The comparator 16 drives the node N until the voltage Vsum at the node N is equal to Vcm. The switch S0 is then opened, completing the initial sampling phase. Ideally, at the end of the initial sampling phase, an initial charge Q0, corresponding to the analog input voltage Vin, exists on the node N, wherein Q0=(Vcm−Vin)·8C+Vcm (4C+1C+1C).

During the bit cycling phase, a successive approximation register (SAR) block 18 of the R-C hybrid SAR ADC 10 produces a 10-bit output signal [b9:b0] during 10 consecutive cycles of a “CLOCK” signal. In the embodiment of FIG. 1, the bit decisions made during the bit cycling phase are based on a bit grouping {4, 4, 1, 1}. That is, bits in a first 4-bit group [b9:b6] are determined first during the first 4 cycles of the CLOCK signal. Bits in a second 4-bit group [b5:b2] are then determined during the next 4 cycles of the CLOCK signal, followed by a third 1-bit group [b1] during the ninth cycle of the CLOCK signal, and finally a fourth 1-bit group [b0] during the tenth cycle of the CLOCK signal.

During the bit cycling phase, the switch S1 is set to couple the corresponding terminal of the largest of the 4 binary-weighted capacitors of the capacitor array 14 to a signal line DA1, and the switches S2, S3, and S4 are set to couple the corresponding terminals of the other 3 capacitors to respective signal lines DA2, DA3, and DA4.

FIG. 2 is a diagram of a known embodiment of the resistor string 12 of FIG. 1. As indicated in FIG. 2, the resistor string 12 produces the 16 coarse reference voltages Vc[15:0] and the 17 fine reference voltages Vf[16:0].

Referring back to FIG. 1, during the determination of the bits of the first 4-bit group [b9:b6], a decoder and multiplexers (MUXs) component 20 of the R-C hybrid SAR ADC 10 selectively couples the signal line DA1 to one of the 16 coarse reference voltages Vc[15:0], starting with Vc[8]. The resulting binary search algorithm typically requires 4 cycles of the CLOCK signal to determine the values of the bits of the first 4-bit group [b9:b6]. While the decoder and MUXs component 20 selectively couples the signal line DA1 to one of the 16 coarse reference voltages Vc[15:0], the decoder and MUXs component 20 couples the signal lines DA2, DA3 and DA4 to ground. The voltage Vsum at node N is given by: Vsum=Vcm−Vin·(8C/Ct)+DA1·(8C/Ct)+DA2·(4C/Ct)+DA3·(C/Ct)+DA4·(C/Ct), where Ct=8C+4C+1C+1C=14C. The comparator output signal “CmpOut” is allowed to settle, then latched into the SAR block 18. The SAR block 18 uses the latched value of the CmpOut signal in a binary search algorithm for selecting a reference voltage used during the next step.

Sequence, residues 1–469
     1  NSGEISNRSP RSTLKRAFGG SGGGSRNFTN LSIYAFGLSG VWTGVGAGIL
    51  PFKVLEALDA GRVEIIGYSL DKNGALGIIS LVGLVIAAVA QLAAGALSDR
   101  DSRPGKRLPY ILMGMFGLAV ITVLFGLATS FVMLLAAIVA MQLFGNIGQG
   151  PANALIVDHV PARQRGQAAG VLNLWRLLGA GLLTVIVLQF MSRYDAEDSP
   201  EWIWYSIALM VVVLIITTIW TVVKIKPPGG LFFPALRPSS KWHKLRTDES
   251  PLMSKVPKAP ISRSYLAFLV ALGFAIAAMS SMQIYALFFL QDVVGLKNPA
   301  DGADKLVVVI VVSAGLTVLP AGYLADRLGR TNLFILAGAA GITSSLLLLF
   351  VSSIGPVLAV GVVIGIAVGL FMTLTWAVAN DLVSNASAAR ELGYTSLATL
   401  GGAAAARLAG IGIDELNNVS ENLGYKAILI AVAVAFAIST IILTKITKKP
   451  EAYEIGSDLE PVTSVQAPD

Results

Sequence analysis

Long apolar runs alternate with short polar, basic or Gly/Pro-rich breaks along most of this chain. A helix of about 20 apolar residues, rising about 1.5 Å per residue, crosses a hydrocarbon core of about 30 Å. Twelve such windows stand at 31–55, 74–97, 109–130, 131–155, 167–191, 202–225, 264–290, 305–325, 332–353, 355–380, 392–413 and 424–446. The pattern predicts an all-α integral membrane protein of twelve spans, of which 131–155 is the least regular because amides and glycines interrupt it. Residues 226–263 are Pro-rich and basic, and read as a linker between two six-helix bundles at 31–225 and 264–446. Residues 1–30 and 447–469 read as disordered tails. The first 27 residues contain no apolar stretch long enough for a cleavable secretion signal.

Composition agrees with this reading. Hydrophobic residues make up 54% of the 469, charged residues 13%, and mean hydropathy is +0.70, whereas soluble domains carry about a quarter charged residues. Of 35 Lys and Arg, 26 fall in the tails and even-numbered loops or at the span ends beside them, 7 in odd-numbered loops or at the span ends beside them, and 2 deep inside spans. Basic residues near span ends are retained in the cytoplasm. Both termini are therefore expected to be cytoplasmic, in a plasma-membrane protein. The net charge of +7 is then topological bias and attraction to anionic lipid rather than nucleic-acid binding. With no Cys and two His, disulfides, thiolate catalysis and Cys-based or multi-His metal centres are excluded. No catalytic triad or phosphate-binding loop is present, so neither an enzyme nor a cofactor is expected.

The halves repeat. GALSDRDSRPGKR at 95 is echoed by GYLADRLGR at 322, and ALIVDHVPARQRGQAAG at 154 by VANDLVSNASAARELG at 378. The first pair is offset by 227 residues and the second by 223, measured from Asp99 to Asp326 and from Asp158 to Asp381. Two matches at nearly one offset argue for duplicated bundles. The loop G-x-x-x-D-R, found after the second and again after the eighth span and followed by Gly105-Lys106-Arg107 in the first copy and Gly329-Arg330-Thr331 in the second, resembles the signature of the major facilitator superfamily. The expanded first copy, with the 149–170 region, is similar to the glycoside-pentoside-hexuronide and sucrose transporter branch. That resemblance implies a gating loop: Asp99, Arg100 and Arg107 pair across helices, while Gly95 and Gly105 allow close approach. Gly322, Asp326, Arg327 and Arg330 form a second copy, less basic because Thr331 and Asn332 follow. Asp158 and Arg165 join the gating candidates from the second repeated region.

Four cycles of the CLOCK signal are required to select a final reference voltage Vc[x] for coupling to the DA1 signal line, where 0≦x≦15. When DA1=Vc[x], the CmpOut signal is asserted (e.g., a logic ‘1’), and when DA1=Vc[x+1], the CmpOut signal is deasserted (e.g., a logic ‘0’). Since each of the 16 reference voltages Vc[15:0] correspond to a 4-bit binary code, the selection of the final reference voltage Vc[x] for the DA1 signal line corresponds to the determination of the bits of the first 4-bit group [b9:b6].

After the bits of the first 4-bit group [b9:b6] are determined, the bits of the second 4-bit group [b5:b2] are determined in a similar fashion. Values of the CmpOut output signal produced by the comparator 16 are used to selectively couple one of 16 fine reference voltages Vf[15:0] to the DA2 signal line. After the CmpOut output signal of the comparator 16 settles, the CmpOut signal is latched into the SAR BLOCK 18, and used to select the next reference voltage. After another 4 cycles of the CLOCK signal, the bits of the second 4-bit group [b5:b2] are determined.

After the bits of the second 4-bit group [b5:b2] are determined, the bit of the third 1-bit group [b1] is determined. During the ninth cycle of the CLOCK signal, a reference voltage selected from the set {Vf[2], Vf[0]} is coupled to the DA3 signal line. After the bit of the third 1-bit group [b1] is determined, the bit of the fourth 1-bit group [b0] is determined. During the tenth cycle of the CLOCK signal, a reference voltage selected from the set {Vf[1], Vf[0]} is coupled to the DA4 signal line. At the end of bit cycling phase, the SAR BLOCK 18 of the R-C hybrid SAR ADC 10 produces the 10-bit output signal [b9:b0].

Single-ended (unbalanced) signals are referenced to a voltage level commonly called a “signal ground.” While the signal ground is typically a negative power supply voltage level, the signal ground may also be a positive voltage supply level or an external reference voltage level. Single-ended signals are typically conveyed via a pair of conductors. A first of the two conductors carries the signal, and the second conductor functions as voltage reference level and/or a current return path. The second conductor is typically connected to the signal ground.

Differential signals are also propagated via a pair of conductors. In this case, however, the conductors carry equal and opposite signals, and the differential signal is a voltage between the conductors. As each signal is equal and opposite, no separate current return path is required. Conductors used to convey a differential signal typically have a constant distance between them, are typically routed together from a source to a destination, and each conductor typically has the same electrical impedance.